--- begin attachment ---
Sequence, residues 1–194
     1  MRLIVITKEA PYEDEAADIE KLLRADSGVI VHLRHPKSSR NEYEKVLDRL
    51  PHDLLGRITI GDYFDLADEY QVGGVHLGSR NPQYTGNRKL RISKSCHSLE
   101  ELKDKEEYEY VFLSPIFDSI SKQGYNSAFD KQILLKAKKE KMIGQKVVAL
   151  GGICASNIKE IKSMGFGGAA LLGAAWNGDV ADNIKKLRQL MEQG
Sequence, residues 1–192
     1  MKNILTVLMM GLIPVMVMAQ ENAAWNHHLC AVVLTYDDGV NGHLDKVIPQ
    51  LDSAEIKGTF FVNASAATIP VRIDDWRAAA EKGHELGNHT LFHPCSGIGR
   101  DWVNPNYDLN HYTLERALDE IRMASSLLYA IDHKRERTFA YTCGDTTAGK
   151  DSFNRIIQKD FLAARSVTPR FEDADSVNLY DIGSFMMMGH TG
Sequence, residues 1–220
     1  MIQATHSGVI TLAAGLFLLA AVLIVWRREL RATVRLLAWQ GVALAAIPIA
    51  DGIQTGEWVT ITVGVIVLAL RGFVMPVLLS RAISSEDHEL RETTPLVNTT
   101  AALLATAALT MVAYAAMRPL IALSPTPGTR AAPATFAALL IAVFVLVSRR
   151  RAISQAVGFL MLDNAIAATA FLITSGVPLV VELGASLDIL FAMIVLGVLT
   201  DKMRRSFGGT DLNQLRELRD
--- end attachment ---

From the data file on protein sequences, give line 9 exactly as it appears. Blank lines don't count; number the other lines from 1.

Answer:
   101  DWVNPNYDLN HYTLERALDE IRMASSLLYA IDHKRERTFA YTCGDTTAGK